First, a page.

Friday, March 30, 2018

Opposition to assisted suicide is strong in the US.

Alex Schadenberg
Executive Director, Euthanasia Prevention Coalition

In 2017, there were 26 states that were challenged by assisted suicide campaigns and all 26 states rejected it. This year 25 states have had assisted suicide bills in their legislatures and as of now, only Hawaii has passed the bill. Yet the theme that the media is portraying is that the assisted suicide lobby is gaining momentum, yet in reality the opposite remains true.


But there is more to the story. Richard Doerflinger, with the Lozier Institute recently examined the assisted suicide data in the US. Doerflinger explains how assisted suicide bills have been overwhelmingly defeated but also 10 states have added or strengthened laws preventing assisted suicide since 1997. Doerflinger commented:
This map shows the 42 states that ban assisted suicide without exception -- ten of which passed new laws against it SINCE Oregon's law took effect in 1997. Three of these states passed new laws in the last year -- Alabama and Utah passed new bans, and Ohio added criminal penalties to its 2003 law allowing for civil penalties. Another 32 states have retained their older statutes or common law bans despite the assisted suicide movement's repeated attempts against those policies. Meanwhile, four states (and DC) have acted to follow Oregon's lead in the last 20 years. So which side is widely portrayed in the press as having big momentum?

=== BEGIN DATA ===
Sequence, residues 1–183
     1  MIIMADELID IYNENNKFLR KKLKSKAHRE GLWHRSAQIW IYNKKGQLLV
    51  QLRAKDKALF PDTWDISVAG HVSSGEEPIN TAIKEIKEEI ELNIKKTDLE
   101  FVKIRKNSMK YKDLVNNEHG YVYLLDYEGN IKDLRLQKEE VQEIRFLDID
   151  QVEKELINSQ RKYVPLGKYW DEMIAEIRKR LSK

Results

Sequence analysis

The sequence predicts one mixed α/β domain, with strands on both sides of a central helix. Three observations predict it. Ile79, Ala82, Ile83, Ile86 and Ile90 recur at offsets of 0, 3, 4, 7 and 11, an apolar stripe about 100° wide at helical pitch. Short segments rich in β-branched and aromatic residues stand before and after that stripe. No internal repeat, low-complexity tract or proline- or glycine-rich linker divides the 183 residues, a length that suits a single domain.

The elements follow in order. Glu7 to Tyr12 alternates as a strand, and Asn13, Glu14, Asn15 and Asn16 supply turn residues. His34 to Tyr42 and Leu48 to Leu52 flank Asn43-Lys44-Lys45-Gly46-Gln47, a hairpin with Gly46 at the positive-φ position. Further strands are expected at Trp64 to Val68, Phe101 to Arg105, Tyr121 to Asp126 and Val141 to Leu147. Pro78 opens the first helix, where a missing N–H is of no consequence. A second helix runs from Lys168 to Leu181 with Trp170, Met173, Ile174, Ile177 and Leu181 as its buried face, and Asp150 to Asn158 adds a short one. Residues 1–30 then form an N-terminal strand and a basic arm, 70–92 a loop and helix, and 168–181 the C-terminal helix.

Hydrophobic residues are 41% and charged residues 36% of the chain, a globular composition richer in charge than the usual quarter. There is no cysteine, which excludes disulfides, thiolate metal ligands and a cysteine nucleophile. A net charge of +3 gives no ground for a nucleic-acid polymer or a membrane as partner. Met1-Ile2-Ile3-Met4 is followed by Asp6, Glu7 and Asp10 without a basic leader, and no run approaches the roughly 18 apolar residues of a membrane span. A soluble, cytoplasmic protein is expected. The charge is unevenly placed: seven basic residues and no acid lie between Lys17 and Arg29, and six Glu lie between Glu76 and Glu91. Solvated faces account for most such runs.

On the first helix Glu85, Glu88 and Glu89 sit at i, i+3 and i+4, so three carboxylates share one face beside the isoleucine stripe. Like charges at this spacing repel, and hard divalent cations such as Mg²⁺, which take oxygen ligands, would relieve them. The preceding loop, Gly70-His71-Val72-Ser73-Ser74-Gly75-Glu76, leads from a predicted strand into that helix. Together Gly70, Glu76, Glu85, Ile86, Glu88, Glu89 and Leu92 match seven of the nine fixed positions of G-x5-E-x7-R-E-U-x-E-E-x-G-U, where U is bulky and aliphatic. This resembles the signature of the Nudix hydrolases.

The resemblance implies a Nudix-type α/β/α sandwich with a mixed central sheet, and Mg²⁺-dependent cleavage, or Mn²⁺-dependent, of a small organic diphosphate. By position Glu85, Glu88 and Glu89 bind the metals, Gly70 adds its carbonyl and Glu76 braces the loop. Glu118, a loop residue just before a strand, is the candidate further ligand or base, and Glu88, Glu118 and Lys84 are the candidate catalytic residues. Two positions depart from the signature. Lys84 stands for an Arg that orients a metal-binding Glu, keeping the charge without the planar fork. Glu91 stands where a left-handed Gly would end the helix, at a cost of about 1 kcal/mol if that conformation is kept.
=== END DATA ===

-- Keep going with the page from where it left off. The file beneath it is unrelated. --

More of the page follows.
In the past few months, assisted suicide has been defeated in Connecticut, Massachusetts, Wisconsin, New Hampshire, while the South Dakota voter initiative failed to get the needed signatures and more importantly  Utah passed a bill criminalizing assisted suicide.

What has changed is the fact that the assisted suicide lobby is now working to expand assisted suicide laws. The Connecticut assisted suicide bill also legalized euthanasia. In Wisconsin and Massachusetts the assisted suicide bills require physicians to "do or refer", while the Delaware assisted suicide bill specifically approved people with disabilities.

Fabian Stahle, a researcher in Sweden, learned that the definition of "terminal disease" used by the Oregon Health Authority was wider than the regular definition of terminal disease and he confirmed that people who are chronically ill can be approved for assisted suicide in Oregon, even if they do not have a terminal disease when they refuse effective treatment.

The Oregon assisted suicide law, that all other assisted suicide bills are based upon, is designed to deceive.


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